At Friends Forever, Carmichael says the teenagers sometimes have to convince their parents that the program is worth trying. In some cases parents have no contact with the other side in their region's conflict but recognize that their children will have a more promising future if they can bridge the gap between them and their "enemy."
"Most of the kids come here never having talked to anyone who was Catholic or Protestant, knowing nothing about the other side or knowing only what their parents have said," Carmichael said.
Many of the participants are from small cities and towns where the influence of a program like Friends Forever over time is significant despite the relatively small numbers of teenagers served each year. That power does not go unnoticed, and it is not always welcomed. "The paramilitaries know who [the partner organizations] are," Carmichael said. "Some of them have been threatened for their work but they keep doing it."
One of those threatened is Jim Lynn, youth director for the Ballymena Central YMCA in Ballymena, Northern Ireland, who has worked with Friends Forever since 1991. The Ballymena programs draw teenagers from areas that are exclusively Protestant or Catholic, often offering young people their first opportunity to meet someone on the other side of the sectarian rift.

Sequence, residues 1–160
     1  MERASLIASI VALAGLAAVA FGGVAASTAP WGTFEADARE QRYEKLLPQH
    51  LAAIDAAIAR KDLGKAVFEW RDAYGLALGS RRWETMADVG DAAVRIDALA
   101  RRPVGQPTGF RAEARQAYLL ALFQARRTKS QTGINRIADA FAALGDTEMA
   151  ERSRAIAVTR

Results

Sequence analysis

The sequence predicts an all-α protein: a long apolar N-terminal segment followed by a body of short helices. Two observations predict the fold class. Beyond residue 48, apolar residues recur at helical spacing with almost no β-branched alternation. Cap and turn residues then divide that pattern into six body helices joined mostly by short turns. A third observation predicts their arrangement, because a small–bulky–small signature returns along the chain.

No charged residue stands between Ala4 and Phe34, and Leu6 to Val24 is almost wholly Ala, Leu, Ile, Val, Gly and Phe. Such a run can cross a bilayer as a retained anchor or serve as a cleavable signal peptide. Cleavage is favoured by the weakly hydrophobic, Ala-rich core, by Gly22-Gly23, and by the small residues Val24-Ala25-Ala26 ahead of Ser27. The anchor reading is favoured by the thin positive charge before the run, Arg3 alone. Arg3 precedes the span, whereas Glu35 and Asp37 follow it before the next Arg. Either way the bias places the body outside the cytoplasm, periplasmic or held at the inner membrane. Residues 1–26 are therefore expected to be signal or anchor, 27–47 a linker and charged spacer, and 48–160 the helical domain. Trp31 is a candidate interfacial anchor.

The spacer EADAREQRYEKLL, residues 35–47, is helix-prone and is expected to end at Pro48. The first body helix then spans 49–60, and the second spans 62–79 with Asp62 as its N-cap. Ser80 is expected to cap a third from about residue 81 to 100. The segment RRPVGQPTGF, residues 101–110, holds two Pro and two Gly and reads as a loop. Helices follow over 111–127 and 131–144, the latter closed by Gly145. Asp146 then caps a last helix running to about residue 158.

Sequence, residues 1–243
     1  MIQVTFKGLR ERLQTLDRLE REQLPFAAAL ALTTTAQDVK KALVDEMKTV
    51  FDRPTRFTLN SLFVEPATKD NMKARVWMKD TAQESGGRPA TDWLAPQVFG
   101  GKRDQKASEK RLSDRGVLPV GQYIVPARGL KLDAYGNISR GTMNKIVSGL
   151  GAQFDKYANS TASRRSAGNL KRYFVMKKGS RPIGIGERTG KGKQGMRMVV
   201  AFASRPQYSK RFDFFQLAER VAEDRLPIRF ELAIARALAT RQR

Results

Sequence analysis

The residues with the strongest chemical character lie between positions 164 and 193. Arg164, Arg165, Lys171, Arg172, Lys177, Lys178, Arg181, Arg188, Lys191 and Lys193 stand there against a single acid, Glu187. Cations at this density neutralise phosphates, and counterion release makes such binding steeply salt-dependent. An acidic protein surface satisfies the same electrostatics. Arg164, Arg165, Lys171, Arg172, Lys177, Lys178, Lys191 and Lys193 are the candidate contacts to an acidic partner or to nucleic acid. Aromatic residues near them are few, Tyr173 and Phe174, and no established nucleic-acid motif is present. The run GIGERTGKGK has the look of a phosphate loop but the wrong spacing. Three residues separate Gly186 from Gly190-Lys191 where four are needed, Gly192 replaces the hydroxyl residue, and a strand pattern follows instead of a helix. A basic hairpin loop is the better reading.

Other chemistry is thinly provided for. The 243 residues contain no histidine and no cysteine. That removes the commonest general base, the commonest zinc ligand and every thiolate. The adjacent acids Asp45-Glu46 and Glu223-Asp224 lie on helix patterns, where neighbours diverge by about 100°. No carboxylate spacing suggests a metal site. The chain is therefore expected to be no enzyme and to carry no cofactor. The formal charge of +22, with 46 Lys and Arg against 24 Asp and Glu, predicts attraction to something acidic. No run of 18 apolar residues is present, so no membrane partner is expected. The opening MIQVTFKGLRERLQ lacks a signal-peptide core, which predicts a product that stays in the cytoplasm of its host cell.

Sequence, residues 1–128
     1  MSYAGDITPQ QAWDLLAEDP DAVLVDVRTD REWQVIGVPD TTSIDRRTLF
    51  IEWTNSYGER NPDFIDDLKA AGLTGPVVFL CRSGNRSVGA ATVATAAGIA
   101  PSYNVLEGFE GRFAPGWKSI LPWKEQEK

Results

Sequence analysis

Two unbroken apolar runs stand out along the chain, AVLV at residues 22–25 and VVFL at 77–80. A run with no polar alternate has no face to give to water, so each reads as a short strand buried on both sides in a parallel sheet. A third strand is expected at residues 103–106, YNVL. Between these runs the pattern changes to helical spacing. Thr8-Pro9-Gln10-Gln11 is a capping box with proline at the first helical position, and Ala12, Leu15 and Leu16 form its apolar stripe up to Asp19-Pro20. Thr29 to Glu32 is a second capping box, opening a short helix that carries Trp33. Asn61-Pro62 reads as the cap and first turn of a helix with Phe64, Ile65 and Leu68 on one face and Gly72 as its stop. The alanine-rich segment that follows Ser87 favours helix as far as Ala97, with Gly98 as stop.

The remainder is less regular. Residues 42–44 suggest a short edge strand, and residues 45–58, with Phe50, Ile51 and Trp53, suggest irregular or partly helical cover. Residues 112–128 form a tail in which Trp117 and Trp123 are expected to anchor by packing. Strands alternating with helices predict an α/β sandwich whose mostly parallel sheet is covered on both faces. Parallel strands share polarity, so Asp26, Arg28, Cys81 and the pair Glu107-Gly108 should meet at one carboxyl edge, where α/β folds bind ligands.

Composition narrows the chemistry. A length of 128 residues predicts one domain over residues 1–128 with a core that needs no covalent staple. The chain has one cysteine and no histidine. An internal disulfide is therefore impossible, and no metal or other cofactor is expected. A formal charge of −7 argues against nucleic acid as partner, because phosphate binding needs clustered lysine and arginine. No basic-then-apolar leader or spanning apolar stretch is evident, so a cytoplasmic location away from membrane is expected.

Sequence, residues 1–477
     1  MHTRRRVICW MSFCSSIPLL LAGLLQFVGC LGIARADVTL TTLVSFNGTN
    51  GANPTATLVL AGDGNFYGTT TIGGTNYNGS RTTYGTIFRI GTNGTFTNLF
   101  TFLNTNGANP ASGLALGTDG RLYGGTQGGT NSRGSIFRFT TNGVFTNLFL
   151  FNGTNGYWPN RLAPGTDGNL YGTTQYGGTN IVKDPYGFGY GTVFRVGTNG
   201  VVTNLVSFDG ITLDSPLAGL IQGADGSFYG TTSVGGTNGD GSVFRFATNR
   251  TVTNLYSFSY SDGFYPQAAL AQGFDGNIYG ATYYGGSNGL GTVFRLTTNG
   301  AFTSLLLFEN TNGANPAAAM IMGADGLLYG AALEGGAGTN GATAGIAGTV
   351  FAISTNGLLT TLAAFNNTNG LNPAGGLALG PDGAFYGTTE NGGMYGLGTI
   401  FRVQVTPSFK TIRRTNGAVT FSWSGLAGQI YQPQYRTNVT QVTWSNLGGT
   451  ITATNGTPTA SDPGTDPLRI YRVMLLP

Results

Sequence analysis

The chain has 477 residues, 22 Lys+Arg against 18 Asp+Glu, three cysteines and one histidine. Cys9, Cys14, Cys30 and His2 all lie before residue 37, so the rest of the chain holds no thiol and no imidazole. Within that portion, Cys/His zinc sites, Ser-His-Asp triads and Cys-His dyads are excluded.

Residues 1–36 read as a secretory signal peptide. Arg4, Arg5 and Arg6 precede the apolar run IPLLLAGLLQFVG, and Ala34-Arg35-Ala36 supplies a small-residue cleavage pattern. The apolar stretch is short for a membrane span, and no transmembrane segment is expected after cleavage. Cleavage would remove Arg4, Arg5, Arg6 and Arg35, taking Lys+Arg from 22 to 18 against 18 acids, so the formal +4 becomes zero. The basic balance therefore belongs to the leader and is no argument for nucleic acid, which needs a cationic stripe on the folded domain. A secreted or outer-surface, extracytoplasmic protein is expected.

"We're in the center of what is known as 'no-man's land,'" Lynn said at the YMCA recently. "It's neither Protestant nor Catholic."
The Ballymena YMCA maintains its connection to Friends Forever despite being located near areas controlled by Protestant or Catholic paramilitaries. Lynn said that in spite of community pressures and increasing strife in the past couple of years, families and young people still quietly come to him to ask if they can take part in the Friends Forever program.
"Last year I had as many good kids turned down as kids who went," Lynn said. "I always say, 'it's not because you weren't good enough but because there are too many.'"
The hundreds of Ballymena-area teenagers traveling to the U.S. with Friends Forever are making their mark, he said: "Not a hundred percent, but kids all the time will say to me, 'That was the greatest thing ever happened to me. . . . It was something that formed my opinion for the future.'"
At the Belfast (Northern Ireland) YMCA Colin Taylor reports successes, but he acknowledges a few disappointments where the divides have not been closed, despite the best efforts of Friends Forever and his organization. "It is often a situation where the investment is made, support and encouragement given and then it is up to the individual and group what they do with it," Taylor said.
Carmichael says she firmly believes the program is bringing about positive change. A recent 15th anniversary party for Friends Forever participants in one town in Northern Ireland drew 300 people, the largest Protestant-Catholic gathering in the community's history. And she points out that she is the only full-time employee of Friends Forever, that it is truly a grassroots organization, relying on 400 dedicated volunteers. She was one of them before taking on the job of director.
"We're not claiming to make world peace but we definitely make a huge impact on these kids, and we make a huge impact on their families as well," Carmichael said. "And then it goes out from there. It's like a ripple in a pond."